Start focusing on the good things because if you have a critical spirit, your entire outlook may be poisoned and will damage your relationships and break intimacy with people, self, and God.  People respond more to praise than they respond to criticism.

What is the definition of being critical?

The dictionary describes it as one who is inclined to find fault, or judge with severity often too readily and condemn without facts.  So ask yourself. The same questions.

Am I inclined to find fault with people?

Do I judge with severity?

Do I condemn without facts?

Many people who are critical of others judge themselves in the same harsh matter. Is this you? Ask yourself

Do I think negative thoughts about myself?

Do I judge myself with severity?

Why do I do this?

The answer is often buried deep in the past. God is faithful to expose those root issues that are causing us to view the world, self, others including God through our dirty window.

“Every plant that my heavenly Father has not planted will be pulled up by the roots.”

Mathew 15:13

“He cuts off every branch in me that bears no fruit, while every branch that does bear fruit he prunes so that it will be even more fruitful.”

John 15:2

“Search me, O God, and know my heart: try me, and know my thoughts: And see if there be any wicked way in me, and lead me in the way everlasting.”

Psalm 139:23-24

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True Change

godly-sorrow

Repeated apologies, promises never to do it again, remorse, tears, pleading for another chance are things repeat abusers say to those they hurt. Whether they are causing harm through emotional or physical abuse, committing adultery, being deceptive, lying, cheating, or are engaged in other destructive behaviors such as addiction, they genuinely feel bad when exposed and confronted and offer appeasement for the moment but nothing changes.

The behavior continues causing pain and destruction at all levels in families and relationships. That’s because God’s word says there is a huge difference between being sorry and repentance, between regretting the wrongs we have committed and committing to change behaviors that bind and hurt others.

Worldly sorrow does not lead to the brokenness and humility needed to get the human heart to a place of genuine Godly sorrow and repentance before a Holy God that produces a desire to change. Worldly sorrow causes the heart to harden and brings forth death in all areas of our lives, while Godly sorrow softens the heart and brings forth life.

If we continue to allow others to appease us with worldly sorrow, then we must understand that things will remain the same. This is called enabling. We can’t change another person’s heart but God can. Release them to God, guard your heart, and pray the Lord will orchestrate whatever needs to take place to produce Godly sorrow in someone who is hurting themselves and others. That’s where true change begins.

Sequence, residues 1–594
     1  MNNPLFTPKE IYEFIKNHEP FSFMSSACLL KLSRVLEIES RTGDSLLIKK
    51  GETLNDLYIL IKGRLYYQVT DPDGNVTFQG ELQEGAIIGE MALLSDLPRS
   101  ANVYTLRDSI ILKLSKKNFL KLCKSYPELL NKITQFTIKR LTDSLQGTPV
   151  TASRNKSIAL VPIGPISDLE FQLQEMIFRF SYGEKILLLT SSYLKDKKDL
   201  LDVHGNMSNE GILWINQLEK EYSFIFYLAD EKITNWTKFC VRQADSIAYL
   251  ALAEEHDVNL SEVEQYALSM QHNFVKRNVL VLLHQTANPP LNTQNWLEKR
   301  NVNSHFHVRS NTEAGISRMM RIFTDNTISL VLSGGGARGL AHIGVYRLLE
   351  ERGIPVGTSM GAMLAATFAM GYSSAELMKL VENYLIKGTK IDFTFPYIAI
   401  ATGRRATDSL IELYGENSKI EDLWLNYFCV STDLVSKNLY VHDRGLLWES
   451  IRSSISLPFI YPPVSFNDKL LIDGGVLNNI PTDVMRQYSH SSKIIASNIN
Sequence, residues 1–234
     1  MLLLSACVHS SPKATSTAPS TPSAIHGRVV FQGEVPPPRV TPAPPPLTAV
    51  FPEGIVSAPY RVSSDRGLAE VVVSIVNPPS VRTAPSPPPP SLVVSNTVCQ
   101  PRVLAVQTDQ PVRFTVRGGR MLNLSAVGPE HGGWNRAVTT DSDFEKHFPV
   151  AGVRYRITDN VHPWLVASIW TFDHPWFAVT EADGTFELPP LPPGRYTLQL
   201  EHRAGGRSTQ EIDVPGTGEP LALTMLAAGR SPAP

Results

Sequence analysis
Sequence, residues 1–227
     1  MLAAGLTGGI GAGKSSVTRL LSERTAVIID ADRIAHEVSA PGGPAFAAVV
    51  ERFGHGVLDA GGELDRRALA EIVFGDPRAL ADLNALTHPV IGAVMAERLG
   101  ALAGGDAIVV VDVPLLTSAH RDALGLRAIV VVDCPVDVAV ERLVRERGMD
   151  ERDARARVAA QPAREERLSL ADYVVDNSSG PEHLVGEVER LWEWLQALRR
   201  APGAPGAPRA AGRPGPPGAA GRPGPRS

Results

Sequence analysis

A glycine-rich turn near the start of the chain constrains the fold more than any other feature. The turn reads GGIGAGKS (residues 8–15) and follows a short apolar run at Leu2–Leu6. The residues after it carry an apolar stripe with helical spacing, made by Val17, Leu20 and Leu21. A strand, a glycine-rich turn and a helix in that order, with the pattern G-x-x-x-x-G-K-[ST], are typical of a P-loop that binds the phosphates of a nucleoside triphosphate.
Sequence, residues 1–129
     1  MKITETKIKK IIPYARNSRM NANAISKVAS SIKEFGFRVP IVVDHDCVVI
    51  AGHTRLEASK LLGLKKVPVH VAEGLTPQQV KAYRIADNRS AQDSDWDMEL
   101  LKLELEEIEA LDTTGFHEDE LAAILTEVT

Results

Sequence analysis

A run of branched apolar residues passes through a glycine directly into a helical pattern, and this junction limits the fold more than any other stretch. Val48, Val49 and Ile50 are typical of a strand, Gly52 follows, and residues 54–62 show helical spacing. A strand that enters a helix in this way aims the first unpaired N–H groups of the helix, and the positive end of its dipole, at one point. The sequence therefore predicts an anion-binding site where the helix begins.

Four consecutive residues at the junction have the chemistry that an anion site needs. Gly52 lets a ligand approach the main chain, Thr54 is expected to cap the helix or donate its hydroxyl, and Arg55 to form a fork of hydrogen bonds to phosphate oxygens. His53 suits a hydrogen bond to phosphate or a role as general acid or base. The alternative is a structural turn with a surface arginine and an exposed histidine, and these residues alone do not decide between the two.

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The Snare of Rejection

The Fear of Man

It’s been said that if you live for the acceptance of others, you will die from their rejection. If your sense of self-worth is based on the approval of others, your value is at the mercy of what others think about you. Your identity, who you are, how you see yourself is determined by how others see you and respond to you.

In our brokenness, we tend to give people a lot of power. People on the outside control my thoughts, feelings, and my will. They own me. I don’t know who I am, and I live in fear of failing to meet their approval and being rejected.

Only God is allowed to have control over our lives. We need to give our fear of rejection over to the Lord. He created us and established our worth. When we let His love pour into us, we learn to trust Him, and He will turn our fear into faith, and we will find full acceptance in the arms of our precious Savior.

If you believe that you may be living for the approval of others, evaluate the following statements and see if you identify with any of them.

I am not good enough.”

“I have to try harder.”

“I have to earn love.’

“I flatter people so they will like me.”

“I have to be perfect.”

“I always feel less than.”

“I know what I think is not important.”

“I know that I am not likable.”

“I never feel like I belong.”

“I don’t measure up.”

If you can relate to any of the above chances are that there is a deep root of rejection driving your need for approval and acceptance from others. Please understand that just because you have been rejected in the past, you don’t have to walk in fear that you will be rejected again by others. We can be so crippled by the fear of being rejected that without realizing it we can push others away, or create situations where we will be rejected fulfilling a self-imposed prophecy which causes us to continue to believe lies about ourselves and feel alone and rejected.

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Understanding Fear

Understanding FearFear is a strong emotional reaction to imminent danger – real or imagined, rational or irrational, normal or abnormal. It is a natural emotion designed by God. However, living with a fear based mentality or with a spirit of fear is not from God.

Sometimes fear is real, we get a call in the middle of the night. Those calls are usually never good news. Often, the caller is delivering some bad news such as someone we love has been in an accident. As a result, our hearts are gripped with fear of the unknown. Is my loved one going to survive? We can find out that we may lose our jobs due to layoffs. Or the doctor tells us we have a terminal illness. Most of us will face some of these life issues at some point in our lives. The fear is real. But often times it has no basis in reality. We can fear what has not happened or will never happen. We may be gripped with fear about the possibility of getting sick, getting in a car accident. We can fear rejection and never pursue friendships, job opportunities, relationships, and we can fear failure and never pursue anything